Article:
The United States will permit India to question a Chicago man who has admitted scoping out sites for the deadly 2008 Mumbai attacks, Home Minister P. Chidambaram said on Saturday.
In this courtroom drawing, David Coleman Headley faces US District Court Judge Harry Leinenweber on March 18 in Chicago.
The assurance came following a telephone conversation between Chidambaram and US Attorney General Eric Holder on Friday, the minister said in New Delhi.
"It is my understanding that India would be able to obtain access to David Coleman Headley to question him in a properly constituted judicial proceeding," Chidambaram said in a statement.
"Such judicial proceedings could be either pre-trial or during an inquiry or trial (and) it is also my understanding that Headley is obliged to cooperate fully and truthfully in such proceedings," he said.
Headley pleaded guilty Thursday to 12 terrorism charges after US prosecutors agreed not to seek the death penalty or to allow the suspect to be extradited to India.
"The conversation (with Holder) has clarified a number of aspects concerning the plea agreement," Chidambaram added.
The Washington-born son of a former Pakistani diplomat and American woman, Headley spent two years casing out Mumbai ahead of the November 2008 attacks by 10 Islamist gunmen that left 166 people dead.
US Assistant Secretary of State Robert Blake, currently on a two-day trip to New Delhi, confirmed that Indian authorities could quiz Headley but ruled out his extradition, the Press Trust of India reported.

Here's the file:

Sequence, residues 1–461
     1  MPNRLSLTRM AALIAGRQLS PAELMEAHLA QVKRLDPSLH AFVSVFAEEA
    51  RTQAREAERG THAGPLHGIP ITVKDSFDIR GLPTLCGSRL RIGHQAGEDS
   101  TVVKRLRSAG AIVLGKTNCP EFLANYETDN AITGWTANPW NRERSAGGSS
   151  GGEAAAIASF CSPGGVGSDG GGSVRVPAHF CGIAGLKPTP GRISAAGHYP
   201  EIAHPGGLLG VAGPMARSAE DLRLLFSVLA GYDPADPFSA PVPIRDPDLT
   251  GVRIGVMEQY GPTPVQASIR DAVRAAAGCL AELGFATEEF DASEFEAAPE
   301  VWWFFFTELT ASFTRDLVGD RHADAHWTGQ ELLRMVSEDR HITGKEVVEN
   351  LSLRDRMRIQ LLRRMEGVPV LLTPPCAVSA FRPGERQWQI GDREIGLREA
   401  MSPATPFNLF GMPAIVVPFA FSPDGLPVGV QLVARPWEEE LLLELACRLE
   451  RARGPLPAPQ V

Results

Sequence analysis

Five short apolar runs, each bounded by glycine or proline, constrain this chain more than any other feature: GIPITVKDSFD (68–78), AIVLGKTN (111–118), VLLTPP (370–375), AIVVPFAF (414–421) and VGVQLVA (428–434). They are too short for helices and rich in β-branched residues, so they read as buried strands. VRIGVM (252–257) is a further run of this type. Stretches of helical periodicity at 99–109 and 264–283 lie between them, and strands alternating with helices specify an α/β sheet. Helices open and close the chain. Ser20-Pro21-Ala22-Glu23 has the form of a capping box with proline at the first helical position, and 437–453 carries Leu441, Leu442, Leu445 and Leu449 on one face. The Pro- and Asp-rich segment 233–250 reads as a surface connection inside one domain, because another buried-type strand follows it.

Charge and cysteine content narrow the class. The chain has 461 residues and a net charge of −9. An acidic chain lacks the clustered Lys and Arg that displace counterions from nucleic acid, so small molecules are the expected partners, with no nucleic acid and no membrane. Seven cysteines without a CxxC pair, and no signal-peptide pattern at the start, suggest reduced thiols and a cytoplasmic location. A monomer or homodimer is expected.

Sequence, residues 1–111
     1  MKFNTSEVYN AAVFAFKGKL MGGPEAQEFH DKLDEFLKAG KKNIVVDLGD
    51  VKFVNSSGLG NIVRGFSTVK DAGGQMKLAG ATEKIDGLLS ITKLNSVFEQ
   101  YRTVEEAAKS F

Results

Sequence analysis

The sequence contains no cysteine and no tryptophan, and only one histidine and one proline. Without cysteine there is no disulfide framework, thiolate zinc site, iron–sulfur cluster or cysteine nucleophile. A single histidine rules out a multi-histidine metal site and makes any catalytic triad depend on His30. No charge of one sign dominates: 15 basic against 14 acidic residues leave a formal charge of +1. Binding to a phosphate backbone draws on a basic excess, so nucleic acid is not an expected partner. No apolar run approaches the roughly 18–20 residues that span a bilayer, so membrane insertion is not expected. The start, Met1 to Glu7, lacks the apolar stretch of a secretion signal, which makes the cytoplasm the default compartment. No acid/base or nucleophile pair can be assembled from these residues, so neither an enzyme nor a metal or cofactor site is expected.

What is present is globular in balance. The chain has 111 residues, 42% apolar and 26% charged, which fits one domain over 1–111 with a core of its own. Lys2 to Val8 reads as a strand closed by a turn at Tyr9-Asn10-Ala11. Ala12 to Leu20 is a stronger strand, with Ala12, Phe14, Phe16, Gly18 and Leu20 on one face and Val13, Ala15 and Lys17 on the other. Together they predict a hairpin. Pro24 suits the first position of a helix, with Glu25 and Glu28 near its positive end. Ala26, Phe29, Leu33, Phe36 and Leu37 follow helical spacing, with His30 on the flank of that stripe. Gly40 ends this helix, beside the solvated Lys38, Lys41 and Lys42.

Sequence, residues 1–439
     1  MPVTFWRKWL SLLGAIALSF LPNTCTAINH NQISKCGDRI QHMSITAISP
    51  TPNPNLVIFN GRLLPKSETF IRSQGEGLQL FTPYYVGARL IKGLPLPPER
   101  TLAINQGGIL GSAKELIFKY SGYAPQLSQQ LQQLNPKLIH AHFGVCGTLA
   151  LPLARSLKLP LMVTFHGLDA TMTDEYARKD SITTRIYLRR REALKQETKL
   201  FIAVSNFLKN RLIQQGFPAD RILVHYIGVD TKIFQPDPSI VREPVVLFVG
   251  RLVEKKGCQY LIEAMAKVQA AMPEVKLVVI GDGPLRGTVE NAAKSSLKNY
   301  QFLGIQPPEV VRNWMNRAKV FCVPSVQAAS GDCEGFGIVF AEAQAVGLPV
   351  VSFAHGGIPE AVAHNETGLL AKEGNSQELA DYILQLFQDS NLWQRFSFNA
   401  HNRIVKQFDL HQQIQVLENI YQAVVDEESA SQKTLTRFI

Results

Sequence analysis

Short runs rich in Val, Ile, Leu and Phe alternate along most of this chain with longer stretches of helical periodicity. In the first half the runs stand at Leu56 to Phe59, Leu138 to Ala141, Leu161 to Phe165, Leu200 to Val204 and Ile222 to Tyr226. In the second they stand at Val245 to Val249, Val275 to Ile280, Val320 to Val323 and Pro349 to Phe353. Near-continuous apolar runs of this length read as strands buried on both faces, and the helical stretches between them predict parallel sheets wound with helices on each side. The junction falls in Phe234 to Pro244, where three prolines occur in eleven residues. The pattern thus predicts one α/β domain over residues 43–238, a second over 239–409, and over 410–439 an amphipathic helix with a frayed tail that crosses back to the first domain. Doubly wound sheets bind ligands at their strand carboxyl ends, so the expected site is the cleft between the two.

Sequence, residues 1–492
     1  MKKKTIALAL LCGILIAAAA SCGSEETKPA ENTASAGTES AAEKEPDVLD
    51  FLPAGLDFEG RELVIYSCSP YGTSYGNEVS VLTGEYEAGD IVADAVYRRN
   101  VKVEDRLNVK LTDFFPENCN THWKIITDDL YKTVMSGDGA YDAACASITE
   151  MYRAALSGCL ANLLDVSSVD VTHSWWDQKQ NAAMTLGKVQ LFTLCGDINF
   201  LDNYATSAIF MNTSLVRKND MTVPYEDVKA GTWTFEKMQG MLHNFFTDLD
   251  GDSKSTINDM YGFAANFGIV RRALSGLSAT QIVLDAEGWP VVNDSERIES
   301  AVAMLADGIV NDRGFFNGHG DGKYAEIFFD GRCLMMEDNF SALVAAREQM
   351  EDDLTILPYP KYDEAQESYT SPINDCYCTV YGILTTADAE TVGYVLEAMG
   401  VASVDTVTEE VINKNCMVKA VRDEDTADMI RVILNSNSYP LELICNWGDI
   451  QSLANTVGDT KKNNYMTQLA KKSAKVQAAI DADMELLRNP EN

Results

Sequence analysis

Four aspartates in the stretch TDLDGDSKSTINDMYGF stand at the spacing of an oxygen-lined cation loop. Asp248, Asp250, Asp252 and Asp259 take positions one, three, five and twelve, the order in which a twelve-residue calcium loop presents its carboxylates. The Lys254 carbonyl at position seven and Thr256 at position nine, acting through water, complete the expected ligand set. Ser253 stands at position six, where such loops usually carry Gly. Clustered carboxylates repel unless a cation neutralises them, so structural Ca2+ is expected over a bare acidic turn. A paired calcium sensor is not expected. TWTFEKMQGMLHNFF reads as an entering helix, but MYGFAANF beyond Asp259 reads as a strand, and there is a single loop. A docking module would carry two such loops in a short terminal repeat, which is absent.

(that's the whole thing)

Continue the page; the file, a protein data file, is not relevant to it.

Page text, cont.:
"With respect to the Headley case, the plea bargain agreement was announced and part of that agreement was that the US would not extradite Headley either to India or Pakistan or Denmark for the charges for which he has now admitted guilt," he said.
Headly was arrested at Chicago's O'Hare airport on October 3.
India and the US blamed the attacks on Pakistan's banned militant group Lashkar-e-Taiba (LeT) and Blake said the outfit's "increasing global scope and ambition" was of "greatest concern" for Washington and New Delhi.
Headley joined LeT in 2002, attending terrorist training camps five times over the next three years.
A date has yet to be set for Headley's sentencing, where a judge will hear arguments as to whether he should spend the rest of his life in jail or be given leniency for his cooperation.
Headley has also accepted plotting to kill a Danish cartoonist who sparked outrage with cartoons depicting the Prophet Mohammed.